Canada's buoyant Greens say they don't favor oil sands shutdown

OTTAWA (Reuters) - The leader of Canada’s small Green Party, which has a long-shot chance of holding the balance of power after the country’s Oct. 19 election, said on Friday she does not favor shutting down the Alberta oil sands, a favorite target of environmentalists.

Canada's Green Party leader Elizabeth May speaks during the Maclean's National Leaders debate in Toronto, August 6, 2015. Canadians go to the polls in a national election on October 19, 2015. REUTERS/Mark Blinch

Elizabeth May, fresh from a praised performance in the opening election debate on Thursday, said her party instead wants the energy industry to upgrade bitumen from the sands at home rather than shipping it raw to be refined abroad.

“We need to be smart about this and none of the smart answers say you must shut down the oil sands today,” she said in a phone interview.

Polls show the center-right Conservatives could lose their majority in the House of Commons in the election, possibly allowing the opposition New Democrats and Liberals to work out a deal to take power.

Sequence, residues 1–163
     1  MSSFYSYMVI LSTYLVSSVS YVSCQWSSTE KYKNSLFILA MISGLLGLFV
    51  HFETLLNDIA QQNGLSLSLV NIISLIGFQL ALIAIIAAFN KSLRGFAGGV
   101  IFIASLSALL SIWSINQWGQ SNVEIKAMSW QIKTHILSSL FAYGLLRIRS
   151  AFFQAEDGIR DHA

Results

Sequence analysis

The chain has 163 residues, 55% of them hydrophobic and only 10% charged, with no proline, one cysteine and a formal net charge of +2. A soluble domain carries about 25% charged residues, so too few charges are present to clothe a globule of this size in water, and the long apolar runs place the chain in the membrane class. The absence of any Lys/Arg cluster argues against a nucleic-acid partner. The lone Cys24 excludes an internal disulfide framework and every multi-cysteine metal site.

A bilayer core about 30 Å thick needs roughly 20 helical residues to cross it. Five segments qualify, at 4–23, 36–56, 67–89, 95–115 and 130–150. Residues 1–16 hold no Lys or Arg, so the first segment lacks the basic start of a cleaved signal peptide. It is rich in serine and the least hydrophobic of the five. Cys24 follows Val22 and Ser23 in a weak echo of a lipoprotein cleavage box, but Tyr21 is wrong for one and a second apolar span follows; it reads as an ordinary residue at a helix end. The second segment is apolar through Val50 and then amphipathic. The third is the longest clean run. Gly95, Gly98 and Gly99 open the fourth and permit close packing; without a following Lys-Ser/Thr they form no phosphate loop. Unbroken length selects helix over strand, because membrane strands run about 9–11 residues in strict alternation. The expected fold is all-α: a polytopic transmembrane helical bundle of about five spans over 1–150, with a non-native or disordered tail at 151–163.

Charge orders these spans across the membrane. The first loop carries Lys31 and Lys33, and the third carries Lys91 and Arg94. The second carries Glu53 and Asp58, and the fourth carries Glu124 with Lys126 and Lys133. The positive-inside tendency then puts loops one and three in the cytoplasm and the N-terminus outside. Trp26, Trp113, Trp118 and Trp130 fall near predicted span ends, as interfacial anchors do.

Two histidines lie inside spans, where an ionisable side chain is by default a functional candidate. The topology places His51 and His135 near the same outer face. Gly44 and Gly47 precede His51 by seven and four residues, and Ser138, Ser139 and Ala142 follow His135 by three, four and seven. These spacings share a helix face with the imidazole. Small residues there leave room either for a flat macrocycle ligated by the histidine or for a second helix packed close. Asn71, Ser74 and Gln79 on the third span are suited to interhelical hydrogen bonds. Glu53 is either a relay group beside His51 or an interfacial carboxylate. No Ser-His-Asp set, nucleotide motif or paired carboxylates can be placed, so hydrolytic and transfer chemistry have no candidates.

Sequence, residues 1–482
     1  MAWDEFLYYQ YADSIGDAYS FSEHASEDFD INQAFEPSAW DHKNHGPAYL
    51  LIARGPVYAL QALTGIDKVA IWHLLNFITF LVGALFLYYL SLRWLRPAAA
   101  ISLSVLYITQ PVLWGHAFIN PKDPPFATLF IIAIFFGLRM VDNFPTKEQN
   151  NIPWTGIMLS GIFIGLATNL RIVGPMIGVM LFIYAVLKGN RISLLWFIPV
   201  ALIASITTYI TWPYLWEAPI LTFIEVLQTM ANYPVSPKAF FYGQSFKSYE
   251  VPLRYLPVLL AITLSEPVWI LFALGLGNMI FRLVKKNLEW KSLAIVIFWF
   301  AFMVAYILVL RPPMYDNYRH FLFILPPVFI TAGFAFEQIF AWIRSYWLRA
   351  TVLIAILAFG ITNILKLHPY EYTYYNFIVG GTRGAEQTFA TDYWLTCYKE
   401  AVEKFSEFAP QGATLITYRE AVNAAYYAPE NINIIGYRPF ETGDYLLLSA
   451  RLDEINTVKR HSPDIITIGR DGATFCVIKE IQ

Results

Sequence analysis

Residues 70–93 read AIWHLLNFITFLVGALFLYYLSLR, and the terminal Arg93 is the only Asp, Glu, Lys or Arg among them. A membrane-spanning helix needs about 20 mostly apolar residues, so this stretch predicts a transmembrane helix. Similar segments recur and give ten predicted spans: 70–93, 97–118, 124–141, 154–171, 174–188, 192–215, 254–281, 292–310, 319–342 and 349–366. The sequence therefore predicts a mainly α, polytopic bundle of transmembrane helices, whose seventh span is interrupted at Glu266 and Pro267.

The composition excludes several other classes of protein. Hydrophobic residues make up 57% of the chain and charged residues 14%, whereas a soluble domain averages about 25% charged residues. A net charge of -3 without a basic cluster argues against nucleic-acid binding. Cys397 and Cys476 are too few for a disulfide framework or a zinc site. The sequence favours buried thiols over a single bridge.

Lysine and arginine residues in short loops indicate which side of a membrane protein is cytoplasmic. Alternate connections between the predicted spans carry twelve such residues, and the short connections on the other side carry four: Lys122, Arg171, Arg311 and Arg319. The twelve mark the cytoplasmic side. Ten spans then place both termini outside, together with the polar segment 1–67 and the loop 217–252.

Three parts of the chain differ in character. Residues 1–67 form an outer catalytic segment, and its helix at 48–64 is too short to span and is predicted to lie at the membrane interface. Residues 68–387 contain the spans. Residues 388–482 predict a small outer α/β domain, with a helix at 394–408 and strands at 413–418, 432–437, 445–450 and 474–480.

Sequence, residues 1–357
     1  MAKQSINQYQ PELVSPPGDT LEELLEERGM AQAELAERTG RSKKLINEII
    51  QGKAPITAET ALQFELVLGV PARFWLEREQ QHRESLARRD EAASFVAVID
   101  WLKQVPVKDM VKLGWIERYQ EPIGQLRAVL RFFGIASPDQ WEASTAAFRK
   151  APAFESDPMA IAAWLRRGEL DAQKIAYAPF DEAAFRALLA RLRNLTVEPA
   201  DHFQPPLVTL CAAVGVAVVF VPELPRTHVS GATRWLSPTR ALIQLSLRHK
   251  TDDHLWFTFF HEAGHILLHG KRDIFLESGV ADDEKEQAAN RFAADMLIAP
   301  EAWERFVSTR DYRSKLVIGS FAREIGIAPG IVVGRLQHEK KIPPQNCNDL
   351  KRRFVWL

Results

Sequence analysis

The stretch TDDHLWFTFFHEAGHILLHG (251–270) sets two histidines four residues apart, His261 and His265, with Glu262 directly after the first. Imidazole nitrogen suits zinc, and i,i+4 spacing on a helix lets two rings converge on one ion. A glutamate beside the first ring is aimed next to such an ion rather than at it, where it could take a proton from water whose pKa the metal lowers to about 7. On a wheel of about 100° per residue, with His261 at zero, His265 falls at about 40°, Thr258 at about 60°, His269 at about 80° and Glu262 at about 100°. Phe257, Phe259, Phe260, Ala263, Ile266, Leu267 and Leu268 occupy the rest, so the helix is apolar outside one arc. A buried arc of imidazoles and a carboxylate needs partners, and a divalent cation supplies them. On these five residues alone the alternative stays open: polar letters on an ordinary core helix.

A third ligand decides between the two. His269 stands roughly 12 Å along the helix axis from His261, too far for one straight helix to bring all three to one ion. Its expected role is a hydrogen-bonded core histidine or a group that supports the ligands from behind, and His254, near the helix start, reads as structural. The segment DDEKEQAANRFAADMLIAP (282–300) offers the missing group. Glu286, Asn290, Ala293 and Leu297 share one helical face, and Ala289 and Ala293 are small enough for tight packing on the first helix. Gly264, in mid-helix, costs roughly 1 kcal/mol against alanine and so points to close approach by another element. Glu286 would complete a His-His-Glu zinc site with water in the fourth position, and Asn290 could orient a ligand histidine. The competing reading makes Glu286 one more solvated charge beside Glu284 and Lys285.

The Greens, with just two legislators, have normally won less than 10 percent of the vote. But they have strong support in parts of British Columbia and if they gain enough seats could play kingmaker.

May said she could “almost see no circumstances” under which she would support a government led by Conservative Prime Minister Stephen Harper, who opponents say has weakened environmental regulations.

She said any party hoping for Green support would have to agree to strengthen regulation and commit to a proportional representation system of voting. Canada’s current first-past-the-post system makes it hard for small parties to win seats.

“We’re very pragmatic as Greens ... we are not zealots. We are serious about government,” May said.

The Canadian Association of Petroleum Producers forecasts oil output will rise to 5.3 million barrels per day by 2030 from 2.2 million barrels in 2014. Much of this would be unrefined bitumen from the oil sands, where extraction techniques create high carbon emissions and other pollution problems.

“We don’t want rapid growth of the oil sands, for sure,” May said. But she noted new upgraders in Alberta would mean more jobs and higher-value exports.

Energy companies say new refineries are unlikely, citing enormous cost. Asked whether Ottawa could offer aid for new plants, May said it was too early to discuss specific ideas.

The Greens oppose four major proposed oil sands pipelines: TransCanada Corp’s Keystone XL and Energy East projects, Enbridge Inc’s Northern Gateway, and Kinder Morgan Inc’s plan to increase the capacity of its Trans Mountain pipeline.

Editing by Jeffrey Hodgson; and Peter Galloway